When candidates personal beliefs clash with Canadian values

Mississauga, October 9 (CINEWS): In the Mississauga-Malton riding, it is no secret that Conservative candidate Jagdish Grewal holds some distinctly conservative views when it comes to homosexuality and marriages. When Canada became the fourth country in the world to legalize same-sex marriage on July 20, 2005, a vocal section of South Asians were upset because then MP Navdeep Bains and current Liberal candidate voted in favor despiteCandidate-Jagdish-Grewal pleas to abstain or vote against it.
This week Jagdish Grewal, who is also the publisher of Punjabi Post penned an editorial titled in March 2005 “Is it wrong for a homosexual to become a normal person?”
Grewal says he was presenting opinions of psychologists and the Alliance for Therapeutic Choice and Scientific Integrity, an American group that offers therapies to people who have “unwanted homosexual attractions.”
The piece written in March caused a furor leading to the Conservative party dumping him as their candidate in the Mississauga-Malton riding. This move has left Conservative supporters dazed, confused and angry.
Off the record, two Conservative supporters in the Mississauga-Malton riding said Grewal’s view may be at odds with the official party line, but it is in line with the belief system and values held by his community. “Many other MPs from all parties may privately agree with Grewal’s views but will never admit it. There is lots of hypocrisy,” said one supporter. “
Meanwhile in an interview on CBC television, Grewal insisted that the essence of his piece was lost in translation. He insisted he had nothing against LGBT and hoped the Conservatives would re-consider their decision to dump him as their candidate.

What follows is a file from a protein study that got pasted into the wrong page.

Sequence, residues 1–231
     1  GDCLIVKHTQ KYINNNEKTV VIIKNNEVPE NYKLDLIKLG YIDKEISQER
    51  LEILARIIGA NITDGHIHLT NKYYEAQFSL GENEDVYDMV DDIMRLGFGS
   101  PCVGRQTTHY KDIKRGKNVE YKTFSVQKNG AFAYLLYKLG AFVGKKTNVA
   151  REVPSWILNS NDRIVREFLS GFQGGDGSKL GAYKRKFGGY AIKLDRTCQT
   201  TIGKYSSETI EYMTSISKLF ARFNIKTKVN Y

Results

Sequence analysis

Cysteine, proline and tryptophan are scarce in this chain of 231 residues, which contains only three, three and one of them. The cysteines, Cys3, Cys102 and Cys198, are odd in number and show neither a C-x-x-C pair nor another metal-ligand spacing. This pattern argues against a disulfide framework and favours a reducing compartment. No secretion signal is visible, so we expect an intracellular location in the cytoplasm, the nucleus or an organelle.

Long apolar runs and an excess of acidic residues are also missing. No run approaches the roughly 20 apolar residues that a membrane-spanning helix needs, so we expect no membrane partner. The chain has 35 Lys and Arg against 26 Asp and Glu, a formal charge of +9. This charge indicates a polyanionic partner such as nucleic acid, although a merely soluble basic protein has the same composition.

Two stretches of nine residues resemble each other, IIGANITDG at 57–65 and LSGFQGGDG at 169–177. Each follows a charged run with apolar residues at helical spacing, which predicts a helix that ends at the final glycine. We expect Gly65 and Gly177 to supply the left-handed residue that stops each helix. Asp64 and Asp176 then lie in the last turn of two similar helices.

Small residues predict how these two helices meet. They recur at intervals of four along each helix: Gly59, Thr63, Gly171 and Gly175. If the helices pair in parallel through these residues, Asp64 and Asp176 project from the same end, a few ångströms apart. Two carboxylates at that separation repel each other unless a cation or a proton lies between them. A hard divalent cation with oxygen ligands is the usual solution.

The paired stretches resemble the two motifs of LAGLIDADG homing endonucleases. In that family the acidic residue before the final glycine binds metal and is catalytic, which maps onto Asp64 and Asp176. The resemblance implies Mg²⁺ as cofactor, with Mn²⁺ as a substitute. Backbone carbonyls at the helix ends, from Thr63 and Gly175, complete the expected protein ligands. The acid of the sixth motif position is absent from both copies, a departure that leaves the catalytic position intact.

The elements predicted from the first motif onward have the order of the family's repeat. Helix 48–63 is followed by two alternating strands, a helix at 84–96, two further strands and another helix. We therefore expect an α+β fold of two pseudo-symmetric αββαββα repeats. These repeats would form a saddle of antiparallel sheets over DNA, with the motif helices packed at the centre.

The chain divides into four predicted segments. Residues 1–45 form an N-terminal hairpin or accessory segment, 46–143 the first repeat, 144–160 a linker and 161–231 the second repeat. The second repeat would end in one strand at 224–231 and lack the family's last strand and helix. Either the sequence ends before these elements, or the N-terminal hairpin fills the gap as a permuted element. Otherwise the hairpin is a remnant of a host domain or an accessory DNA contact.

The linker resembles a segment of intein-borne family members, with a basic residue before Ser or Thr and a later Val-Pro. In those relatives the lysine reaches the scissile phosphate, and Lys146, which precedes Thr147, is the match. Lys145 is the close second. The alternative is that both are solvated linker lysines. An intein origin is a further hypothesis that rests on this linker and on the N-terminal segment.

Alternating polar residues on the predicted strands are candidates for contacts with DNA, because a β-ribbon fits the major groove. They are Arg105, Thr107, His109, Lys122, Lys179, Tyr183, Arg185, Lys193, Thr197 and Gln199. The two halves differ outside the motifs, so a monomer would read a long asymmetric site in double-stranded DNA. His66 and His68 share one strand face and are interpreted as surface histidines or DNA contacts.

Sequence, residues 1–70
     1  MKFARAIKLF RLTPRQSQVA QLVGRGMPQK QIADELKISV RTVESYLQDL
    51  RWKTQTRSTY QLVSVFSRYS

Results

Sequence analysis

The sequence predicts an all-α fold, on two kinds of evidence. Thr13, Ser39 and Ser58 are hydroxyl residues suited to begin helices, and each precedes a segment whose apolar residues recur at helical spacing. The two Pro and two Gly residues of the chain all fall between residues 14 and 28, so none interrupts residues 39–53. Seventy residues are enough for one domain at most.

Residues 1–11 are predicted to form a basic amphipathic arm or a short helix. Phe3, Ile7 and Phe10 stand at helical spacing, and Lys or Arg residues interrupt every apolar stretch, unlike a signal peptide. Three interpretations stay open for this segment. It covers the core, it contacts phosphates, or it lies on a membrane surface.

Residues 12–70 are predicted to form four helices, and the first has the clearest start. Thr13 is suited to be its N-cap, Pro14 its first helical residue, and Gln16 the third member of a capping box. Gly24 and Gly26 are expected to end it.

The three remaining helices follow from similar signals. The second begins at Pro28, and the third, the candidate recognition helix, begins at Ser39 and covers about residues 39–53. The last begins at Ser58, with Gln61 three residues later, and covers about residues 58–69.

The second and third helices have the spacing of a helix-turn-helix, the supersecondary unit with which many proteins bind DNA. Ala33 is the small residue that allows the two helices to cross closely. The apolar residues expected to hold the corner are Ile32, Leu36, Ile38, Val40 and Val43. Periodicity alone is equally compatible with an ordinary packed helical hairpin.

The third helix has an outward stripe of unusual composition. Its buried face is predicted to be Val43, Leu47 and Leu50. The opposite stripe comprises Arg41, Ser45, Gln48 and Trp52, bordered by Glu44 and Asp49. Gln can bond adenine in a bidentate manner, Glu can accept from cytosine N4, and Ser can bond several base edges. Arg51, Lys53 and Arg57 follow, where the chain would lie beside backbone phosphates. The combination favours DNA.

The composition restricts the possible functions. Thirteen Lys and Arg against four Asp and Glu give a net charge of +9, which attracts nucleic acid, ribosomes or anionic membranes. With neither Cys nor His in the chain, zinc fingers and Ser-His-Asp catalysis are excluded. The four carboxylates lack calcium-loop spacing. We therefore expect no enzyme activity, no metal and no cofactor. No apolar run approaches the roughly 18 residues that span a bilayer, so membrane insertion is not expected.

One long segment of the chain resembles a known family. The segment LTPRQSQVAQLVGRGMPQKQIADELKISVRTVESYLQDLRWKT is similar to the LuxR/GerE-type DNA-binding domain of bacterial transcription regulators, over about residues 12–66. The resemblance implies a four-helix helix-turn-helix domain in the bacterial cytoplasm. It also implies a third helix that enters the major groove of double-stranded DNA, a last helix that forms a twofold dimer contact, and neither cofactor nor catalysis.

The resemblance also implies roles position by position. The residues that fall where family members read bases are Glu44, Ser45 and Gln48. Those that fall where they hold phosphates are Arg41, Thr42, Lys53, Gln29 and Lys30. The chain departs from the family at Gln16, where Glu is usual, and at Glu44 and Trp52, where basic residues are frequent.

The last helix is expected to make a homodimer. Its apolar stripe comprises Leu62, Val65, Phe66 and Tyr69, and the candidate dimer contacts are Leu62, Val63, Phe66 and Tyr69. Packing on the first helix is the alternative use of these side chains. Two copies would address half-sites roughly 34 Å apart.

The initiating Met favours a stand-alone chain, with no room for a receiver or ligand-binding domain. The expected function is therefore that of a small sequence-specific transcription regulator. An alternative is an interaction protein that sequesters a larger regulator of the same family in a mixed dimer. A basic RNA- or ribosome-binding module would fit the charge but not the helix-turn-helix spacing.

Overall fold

Meanwhile NDP candidate for Brampton-East Harbaljit Singh Kahlon was forced to confront his own homophobic views which he expressed on a 2005 OMNI TV program same-sex marriage. On air he insisted gay marriage could lead to polygamy and public nudity. He went on to say there wasn’t any research that gays were born that way. He offered a belated apology and swears he has converted his views.
Meanwhile in the Mississauga-Malton riding, many of the largely South Asian residents hold views similar to what Jagdish Grewal wrote in Punjabi Post. “This is a free country,” said one angry Grewal supporter on condition of anonymity. “If all candidates had to reveal their views on homosexuals, atleast a quarter of them would find themselves in trouble like Mr Grewal,” he said.
Politicians more than anyone else understand the crucial importance of being or seeming to be politically correct on sensitive issues. Unfortunately, Mr Grewal seemed to have made an error of judgement and is now being indicted.

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